If the self-important 20-word title or the pompous use of the author’s doctorate did not tip you off to the ideological bent of US academic Pietra Rivoli, her own summary of her intended purpose in the introduction might. She states that what prompted her to embark on a five-year journey tracking the manufacture and use of a cotton T-shirt was a question from an anti-globalization campaigner. ‘Who makes your T-shirt? Was it a child in Vietnam, chained to a sewing machine… or a young girl from India earning 18 cents per hour… all in the name of Nike’s profits?’ Rivoli’s initial patrician response to this perfectly reasonable question is to categorize the anti-globalization movement as ‘a rag-tag bunch of well-intentioned but ill-informed obstructionists (and) economically illiterate noisemakers.’
It doesn’t get any better; the author, without apparent irony, describes slavery in the US as an efficient method whereby slaveholders could avoid fluctuations in labour availability. This amoral approach continues through The Travels of a T-Shirt as Rivoli discusses the massive expansion in Chinese exports of cotton goods as a post-tariff problem for the US economy, rather than as a direct result of US and other global players outsourcing slavery by another name.
Rivoli’s bibliography is stuffed with any number of right-wing academic nonentities but there is no sign that she has even read such cogent critics of globalization such as Naomi Klein or George Monbiot. Nor does she engage in the slightest with the people she purports to be in search of; to her they are economic units, not individual lives to be heeded.
Luckily, the perfect riposte to Rivoli’s lazy neoliberal nostrums is at hand in Ripped and Torn, which, ironically, had its origins within the belly of the beast. As a young, idealistic writer with experience of Latin America, Amaranta Wright was commissioned by the jeans giant Levi’s to travel through the continent, listening to young people in order to help Levi’s target the audience and market their product more effectively.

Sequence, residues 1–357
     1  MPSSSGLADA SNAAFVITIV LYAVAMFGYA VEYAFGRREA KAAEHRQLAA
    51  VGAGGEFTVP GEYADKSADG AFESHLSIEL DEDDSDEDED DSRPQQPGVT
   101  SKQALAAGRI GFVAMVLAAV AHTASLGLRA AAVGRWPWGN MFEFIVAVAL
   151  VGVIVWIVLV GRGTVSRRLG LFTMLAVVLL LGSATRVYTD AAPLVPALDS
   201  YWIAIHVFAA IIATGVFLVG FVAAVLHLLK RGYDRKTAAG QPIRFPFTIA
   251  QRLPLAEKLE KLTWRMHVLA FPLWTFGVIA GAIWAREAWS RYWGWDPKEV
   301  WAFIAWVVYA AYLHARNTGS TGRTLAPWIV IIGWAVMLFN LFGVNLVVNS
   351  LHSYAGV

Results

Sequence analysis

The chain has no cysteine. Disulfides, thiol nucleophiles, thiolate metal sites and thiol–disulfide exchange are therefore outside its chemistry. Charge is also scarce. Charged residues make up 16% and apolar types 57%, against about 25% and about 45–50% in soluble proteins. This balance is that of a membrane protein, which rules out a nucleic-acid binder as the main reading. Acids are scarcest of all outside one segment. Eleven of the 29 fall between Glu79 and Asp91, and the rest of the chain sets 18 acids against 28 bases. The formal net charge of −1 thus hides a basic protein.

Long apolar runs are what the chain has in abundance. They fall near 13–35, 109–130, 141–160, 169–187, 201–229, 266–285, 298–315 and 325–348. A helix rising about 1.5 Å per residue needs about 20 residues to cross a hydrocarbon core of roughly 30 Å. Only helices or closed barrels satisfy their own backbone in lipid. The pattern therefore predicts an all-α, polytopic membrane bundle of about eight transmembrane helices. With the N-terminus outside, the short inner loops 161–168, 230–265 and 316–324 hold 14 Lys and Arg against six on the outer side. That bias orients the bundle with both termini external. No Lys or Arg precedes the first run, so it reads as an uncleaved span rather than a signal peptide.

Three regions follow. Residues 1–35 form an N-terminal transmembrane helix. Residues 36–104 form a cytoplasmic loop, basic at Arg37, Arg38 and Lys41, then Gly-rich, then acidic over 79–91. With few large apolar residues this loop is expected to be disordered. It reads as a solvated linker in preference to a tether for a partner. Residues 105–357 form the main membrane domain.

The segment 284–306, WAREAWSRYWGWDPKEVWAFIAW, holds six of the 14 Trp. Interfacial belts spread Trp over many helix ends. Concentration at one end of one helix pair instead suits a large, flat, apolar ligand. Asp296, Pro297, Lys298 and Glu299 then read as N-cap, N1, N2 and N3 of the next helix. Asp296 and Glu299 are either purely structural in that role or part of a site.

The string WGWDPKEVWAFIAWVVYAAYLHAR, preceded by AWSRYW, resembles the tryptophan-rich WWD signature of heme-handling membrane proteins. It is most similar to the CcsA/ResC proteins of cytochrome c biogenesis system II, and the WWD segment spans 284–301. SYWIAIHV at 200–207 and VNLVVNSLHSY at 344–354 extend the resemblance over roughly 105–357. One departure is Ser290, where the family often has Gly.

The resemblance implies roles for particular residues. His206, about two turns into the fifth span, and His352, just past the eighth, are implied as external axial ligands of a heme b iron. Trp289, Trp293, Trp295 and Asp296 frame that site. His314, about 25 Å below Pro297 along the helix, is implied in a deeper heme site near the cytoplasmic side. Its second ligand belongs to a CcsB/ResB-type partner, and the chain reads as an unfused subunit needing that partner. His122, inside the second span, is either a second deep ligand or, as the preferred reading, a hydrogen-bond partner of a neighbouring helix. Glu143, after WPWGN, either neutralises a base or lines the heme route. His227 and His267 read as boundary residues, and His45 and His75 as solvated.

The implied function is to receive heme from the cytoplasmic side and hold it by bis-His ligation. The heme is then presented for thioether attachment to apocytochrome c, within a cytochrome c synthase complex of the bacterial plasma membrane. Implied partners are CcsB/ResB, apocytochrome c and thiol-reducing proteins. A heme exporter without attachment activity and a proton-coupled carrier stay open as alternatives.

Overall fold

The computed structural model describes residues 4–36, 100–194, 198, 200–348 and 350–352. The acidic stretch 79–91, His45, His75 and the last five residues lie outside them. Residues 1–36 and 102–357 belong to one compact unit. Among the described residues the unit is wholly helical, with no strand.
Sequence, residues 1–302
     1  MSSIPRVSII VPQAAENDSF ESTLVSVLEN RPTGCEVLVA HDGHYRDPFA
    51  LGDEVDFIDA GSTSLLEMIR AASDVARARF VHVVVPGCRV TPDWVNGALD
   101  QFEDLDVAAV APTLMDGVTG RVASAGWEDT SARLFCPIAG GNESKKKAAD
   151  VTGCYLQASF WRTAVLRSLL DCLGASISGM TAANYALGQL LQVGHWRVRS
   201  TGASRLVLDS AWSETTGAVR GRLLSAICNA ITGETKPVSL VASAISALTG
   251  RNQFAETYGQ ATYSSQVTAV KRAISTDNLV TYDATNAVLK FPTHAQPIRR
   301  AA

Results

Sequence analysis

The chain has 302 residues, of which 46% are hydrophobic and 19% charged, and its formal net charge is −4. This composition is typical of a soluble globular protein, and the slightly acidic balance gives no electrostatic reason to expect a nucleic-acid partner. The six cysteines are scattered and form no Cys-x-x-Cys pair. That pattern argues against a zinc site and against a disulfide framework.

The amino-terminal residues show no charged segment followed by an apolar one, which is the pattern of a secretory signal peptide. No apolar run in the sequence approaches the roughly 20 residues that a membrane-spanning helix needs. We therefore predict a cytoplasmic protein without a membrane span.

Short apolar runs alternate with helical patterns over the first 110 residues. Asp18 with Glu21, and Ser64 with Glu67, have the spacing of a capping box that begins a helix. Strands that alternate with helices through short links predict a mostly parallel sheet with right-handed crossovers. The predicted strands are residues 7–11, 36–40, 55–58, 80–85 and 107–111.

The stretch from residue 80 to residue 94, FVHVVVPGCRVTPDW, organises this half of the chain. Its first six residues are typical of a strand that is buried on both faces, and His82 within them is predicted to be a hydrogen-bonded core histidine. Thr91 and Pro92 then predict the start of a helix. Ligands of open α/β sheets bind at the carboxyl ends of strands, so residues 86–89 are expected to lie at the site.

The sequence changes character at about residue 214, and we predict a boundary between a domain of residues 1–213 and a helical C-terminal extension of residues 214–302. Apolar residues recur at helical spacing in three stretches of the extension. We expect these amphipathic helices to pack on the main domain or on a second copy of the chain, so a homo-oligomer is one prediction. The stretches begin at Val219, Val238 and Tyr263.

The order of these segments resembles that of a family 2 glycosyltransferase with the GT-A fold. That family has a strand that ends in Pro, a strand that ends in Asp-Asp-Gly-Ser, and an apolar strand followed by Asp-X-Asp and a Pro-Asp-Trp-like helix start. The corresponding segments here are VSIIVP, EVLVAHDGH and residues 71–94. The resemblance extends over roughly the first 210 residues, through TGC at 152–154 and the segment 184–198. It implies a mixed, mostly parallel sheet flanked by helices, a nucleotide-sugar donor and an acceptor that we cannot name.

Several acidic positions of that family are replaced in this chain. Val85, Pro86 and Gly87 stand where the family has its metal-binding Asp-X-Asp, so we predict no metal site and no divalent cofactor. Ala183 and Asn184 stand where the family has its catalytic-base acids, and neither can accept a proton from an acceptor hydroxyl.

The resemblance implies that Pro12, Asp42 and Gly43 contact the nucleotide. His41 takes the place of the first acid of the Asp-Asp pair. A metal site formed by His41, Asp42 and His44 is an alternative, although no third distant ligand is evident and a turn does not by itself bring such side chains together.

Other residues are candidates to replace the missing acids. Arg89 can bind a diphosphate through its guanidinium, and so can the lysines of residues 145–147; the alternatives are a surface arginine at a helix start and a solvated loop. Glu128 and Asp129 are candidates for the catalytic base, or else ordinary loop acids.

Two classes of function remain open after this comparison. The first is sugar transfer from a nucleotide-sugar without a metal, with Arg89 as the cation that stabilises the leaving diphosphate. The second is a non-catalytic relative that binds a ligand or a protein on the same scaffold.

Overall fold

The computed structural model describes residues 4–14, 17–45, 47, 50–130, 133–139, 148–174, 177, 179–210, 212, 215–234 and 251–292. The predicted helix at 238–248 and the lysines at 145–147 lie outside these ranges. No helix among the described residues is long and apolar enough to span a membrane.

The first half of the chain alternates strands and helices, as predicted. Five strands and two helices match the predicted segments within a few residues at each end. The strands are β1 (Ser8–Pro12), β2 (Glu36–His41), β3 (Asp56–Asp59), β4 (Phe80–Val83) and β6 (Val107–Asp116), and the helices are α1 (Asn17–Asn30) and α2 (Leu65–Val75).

At first, Wright viewed her journey as a subsidized chance to travel and she did her homework diligently, writing reports for Levi’s that spoke of the ‘segmented youth tribes’ and ‘consumer hierarchy’. However, as she talked to the young people, she came to realize that their aspirations and dreams could not be crammed into the convenient box marked ‘consumer’. Seventeen-year- old Hector told her in Lima: ‘We don’t want to be like the people in Hollywood films: we want to be like we are, but with a bit more money’; and Lucia in Caracas said: ‘Life shouldn’t be about having and getting but being and becoming.’ Having listened to these eager teenagers, Wright has produced a book that combines vivid reportage with a highly readable history of the political and cultural travails of Latin America.
The writing style in Ripped and Torn is rather florid and Amaranta Wright occasionally tips over into hyperbole in her eagerness to describe what she sees and hears. Nevertheless, she succeeds brilliantly in capturing the authentic voices of the youth of a damaged but vibrant continent – in all their variety, hope and clamour for better lives.